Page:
Impasse prolongs Zimbabwe's pain
Zimbabwe's President Robert Mugabe delivers a speech on April 18, 2008 during celebrations for the country's independence.
TESS VIGELAND: Today Zimbabwe's President Robert Mugabe blamed the country's former colonial ruler, Britain, for its economic woes. It was Mugabe's first major speech since the still-unresolved elections last month. He claimed that his political opposition would like to see the country "go back to white people."
That opposition and independent economists blame Mugabe's policies for the collapse of what was once southern Africa's breadbasket. As Gretchen Wilson reports, the political impasse is delaying recovery and prolonging Zimbabwe's economic pain.
GRETCHEN WILSON: The country is staggering under this political uncertainty. Zimbabwe's economy is deteriorating rapidly. Inflation now tops 165,000 percent. Many people now eat only one meal a day.
Independent election monitors have said opposition leader Morgan Tsvangirai won the March election. But Mugabe has refused to step aside. Tsvangirai told Marketplace that the key to resurrecting Zimbabwe is reviving its economy. But before that happens, it needs to establish the rule of law.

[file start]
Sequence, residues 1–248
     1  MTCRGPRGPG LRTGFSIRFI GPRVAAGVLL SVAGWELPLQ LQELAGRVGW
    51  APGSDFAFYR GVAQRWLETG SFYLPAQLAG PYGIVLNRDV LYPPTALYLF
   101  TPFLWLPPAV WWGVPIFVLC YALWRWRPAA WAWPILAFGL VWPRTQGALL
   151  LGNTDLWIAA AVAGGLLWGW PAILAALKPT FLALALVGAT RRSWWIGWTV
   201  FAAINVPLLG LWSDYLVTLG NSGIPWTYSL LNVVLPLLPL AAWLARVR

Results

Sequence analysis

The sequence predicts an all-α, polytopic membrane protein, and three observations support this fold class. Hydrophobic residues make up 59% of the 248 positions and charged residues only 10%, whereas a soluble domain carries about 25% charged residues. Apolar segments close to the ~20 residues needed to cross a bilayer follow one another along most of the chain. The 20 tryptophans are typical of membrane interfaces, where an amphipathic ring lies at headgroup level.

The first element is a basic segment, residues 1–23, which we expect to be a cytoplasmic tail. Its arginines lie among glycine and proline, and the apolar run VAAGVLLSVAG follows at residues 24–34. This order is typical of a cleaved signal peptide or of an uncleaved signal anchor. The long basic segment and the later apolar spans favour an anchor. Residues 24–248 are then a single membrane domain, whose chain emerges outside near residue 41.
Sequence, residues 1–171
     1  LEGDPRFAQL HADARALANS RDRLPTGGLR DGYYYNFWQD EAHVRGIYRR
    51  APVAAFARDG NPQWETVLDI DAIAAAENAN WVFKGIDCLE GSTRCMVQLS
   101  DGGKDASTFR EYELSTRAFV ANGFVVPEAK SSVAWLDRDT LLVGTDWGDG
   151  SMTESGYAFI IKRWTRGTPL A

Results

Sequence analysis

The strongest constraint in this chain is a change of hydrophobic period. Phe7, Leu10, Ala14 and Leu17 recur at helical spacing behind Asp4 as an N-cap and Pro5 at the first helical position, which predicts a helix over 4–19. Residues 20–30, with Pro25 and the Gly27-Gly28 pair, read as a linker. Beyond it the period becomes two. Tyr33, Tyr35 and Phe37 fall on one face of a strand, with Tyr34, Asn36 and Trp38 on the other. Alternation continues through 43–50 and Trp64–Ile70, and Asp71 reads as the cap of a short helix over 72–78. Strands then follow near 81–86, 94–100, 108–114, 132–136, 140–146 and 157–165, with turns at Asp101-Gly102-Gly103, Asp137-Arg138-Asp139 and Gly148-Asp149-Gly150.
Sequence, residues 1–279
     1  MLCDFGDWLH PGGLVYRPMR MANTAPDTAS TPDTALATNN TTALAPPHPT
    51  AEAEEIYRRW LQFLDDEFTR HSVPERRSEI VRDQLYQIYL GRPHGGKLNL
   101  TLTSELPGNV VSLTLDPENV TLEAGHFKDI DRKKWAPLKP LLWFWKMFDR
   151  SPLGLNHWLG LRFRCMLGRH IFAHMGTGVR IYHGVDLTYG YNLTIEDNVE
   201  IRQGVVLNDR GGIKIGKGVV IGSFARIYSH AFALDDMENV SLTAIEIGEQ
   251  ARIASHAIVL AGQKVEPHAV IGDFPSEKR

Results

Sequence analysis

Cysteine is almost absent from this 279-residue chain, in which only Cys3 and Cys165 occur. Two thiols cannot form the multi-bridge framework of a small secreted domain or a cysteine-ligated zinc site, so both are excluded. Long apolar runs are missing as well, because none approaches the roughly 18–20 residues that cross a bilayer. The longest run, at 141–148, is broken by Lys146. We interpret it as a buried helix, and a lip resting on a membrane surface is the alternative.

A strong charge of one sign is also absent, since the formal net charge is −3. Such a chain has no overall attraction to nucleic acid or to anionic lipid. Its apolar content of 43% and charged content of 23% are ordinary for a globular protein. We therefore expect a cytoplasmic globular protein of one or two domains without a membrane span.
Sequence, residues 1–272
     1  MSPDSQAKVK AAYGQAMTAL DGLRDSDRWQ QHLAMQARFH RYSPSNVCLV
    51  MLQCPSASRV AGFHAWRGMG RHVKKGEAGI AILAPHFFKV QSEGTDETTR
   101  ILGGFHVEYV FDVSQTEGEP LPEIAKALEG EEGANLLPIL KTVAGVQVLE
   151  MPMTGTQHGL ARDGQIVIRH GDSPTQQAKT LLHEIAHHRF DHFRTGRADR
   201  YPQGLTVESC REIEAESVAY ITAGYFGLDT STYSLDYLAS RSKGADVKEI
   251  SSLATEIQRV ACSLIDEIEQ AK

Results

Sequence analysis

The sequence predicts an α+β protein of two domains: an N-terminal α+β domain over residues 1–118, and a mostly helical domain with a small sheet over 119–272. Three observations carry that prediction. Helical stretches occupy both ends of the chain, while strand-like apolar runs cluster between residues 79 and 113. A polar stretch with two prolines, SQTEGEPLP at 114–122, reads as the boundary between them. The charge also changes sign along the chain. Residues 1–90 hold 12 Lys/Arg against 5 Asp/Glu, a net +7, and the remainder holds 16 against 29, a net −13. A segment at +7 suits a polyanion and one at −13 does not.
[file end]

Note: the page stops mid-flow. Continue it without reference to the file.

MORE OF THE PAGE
MORGAN TSVANGIRAI: The economy can be compared to a post-war situation. And in a post-war situation, there is one thing that you need to do. You need to respect the rule of law. You need to respect property rights.
Mugabe has effectively suspended these rights in the past by fixing prices, seizing property and rewriting business laws. If Tsvangirai does become president, he says he'll boost production in agriculture and manufacturing. He'll also rebuild roads and telecommunications.
TSVANGIRAI: And that requires in the medium-term investment. Investment locally, investment internationally.
That investment has dried up in recent years as Mugabe's government has driven the economy into the ground. African critics say Tsvangirai's ambitions depend on a vast influx of foreign aid that may come with strings attached.
But on the sidelines there's a potential outpouring of foreign aid should Mugabe step down. The United States imposed targeted sanctions on Zimbabwe in 2001. These will remain until a civilian government is freely elected and the rule of law is restored.
In Johannesburg, I'm Gretchen Wilson for Marketplace.